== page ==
Pat Summerall, on the other hand, will not be missed when he is replaced by Al Michaels when he is replaced in next year’s version. He has very little to say, and his voice lacks any, and I mean any enthusiasm. A talk in the booth might go something like this, “Now McNabb last year threw for a lot of yards, and it may have been a breakout year. He can do almost anything on his feet or threw the air”, says John Madden. What does Summerall say you may ask, he says this, “Yep.” That is all he says to Madden’s commentary. He often says other things, but all in all, he is very dull and will not be missed next season. I hear good things about their main competitor’s commentary, that being the NFL 2k series (Multi platform). This is the one major section that they need to shape up on.
Other from the pitiful commentary, the rest of the sound in this game isn’t that bad. The menu music isn’t anything special, but it isn’t annoying, which means it is mediocre. The rain and thunder sounds are extremely solid, which is nice in a sports game. You feel the atmosphere when you are having a horrible day and the rain is pouring while the thunder is rumbling. This is the slight saving grace of the sound area, but it is still the weakest of the trifecta.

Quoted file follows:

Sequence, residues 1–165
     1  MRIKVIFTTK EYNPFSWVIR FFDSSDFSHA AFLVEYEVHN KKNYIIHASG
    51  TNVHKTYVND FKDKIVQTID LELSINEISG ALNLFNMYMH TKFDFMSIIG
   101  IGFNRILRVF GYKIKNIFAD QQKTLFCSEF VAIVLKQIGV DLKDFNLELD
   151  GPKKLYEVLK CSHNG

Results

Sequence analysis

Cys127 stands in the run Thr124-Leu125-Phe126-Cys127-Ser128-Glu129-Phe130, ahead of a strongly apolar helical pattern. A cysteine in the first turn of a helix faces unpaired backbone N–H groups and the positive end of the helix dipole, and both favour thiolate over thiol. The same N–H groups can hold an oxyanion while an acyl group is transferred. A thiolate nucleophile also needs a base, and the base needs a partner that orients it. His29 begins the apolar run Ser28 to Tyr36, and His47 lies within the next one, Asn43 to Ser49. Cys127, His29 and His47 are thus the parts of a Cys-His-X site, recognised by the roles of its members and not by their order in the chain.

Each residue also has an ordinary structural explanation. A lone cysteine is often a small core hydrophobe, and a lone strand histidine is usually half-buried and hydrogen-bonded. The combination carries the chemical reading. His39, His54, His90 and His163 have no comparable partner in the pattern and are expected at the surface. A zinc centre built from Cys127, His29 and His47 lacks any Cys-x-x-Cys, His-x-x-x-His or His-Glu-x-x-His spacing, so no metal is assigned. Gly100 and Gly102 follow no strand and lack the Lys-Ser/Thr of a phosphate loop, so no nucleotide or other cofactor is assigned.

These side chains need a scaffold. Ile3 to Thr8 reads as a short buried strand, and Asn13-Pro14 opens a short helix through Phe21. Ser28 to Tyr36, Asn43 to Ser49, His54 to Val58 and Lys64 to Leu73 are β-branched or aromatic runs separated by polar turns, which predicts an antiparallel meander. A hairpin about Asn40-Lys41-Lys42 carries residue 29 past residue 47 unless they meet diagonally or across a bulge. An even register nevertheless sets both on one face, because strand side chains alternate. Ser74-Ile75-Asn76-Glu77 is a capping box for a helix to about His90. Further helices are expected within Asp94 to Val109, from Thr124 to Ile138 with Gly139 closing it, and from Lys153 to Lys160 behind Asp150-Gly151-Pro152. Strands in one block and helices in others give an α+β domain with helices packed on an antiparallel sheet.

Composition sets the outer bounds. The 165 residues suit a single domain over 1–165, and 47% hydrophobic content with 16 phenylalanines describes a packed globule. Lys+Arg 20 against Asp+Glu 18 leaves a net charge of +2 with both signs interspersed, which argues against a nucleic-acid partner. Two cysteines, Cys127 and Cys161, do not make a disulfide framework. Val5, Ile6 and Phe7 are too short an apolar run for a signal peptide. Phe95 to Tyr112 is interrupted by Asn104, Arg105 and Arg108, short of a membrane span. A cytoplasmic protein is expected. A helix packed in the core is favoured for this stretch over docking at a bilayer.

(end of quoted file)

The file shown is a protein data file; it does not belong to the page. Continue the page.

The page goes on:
The sound or audio in this game is the worst part of the game. While the other facets of the game lead the pack for the football game genre, the audio lags behind its competitor. I am very disappointed by this part of the game and it would be the one thing I would want overhauled for next year’s version. A couple flashes of light show potential for the sound to be decent, but it just doesn’t pull through. Good thing the game play doesn’t reflect the sound though, or we would have NFL 2k2 as our football champion.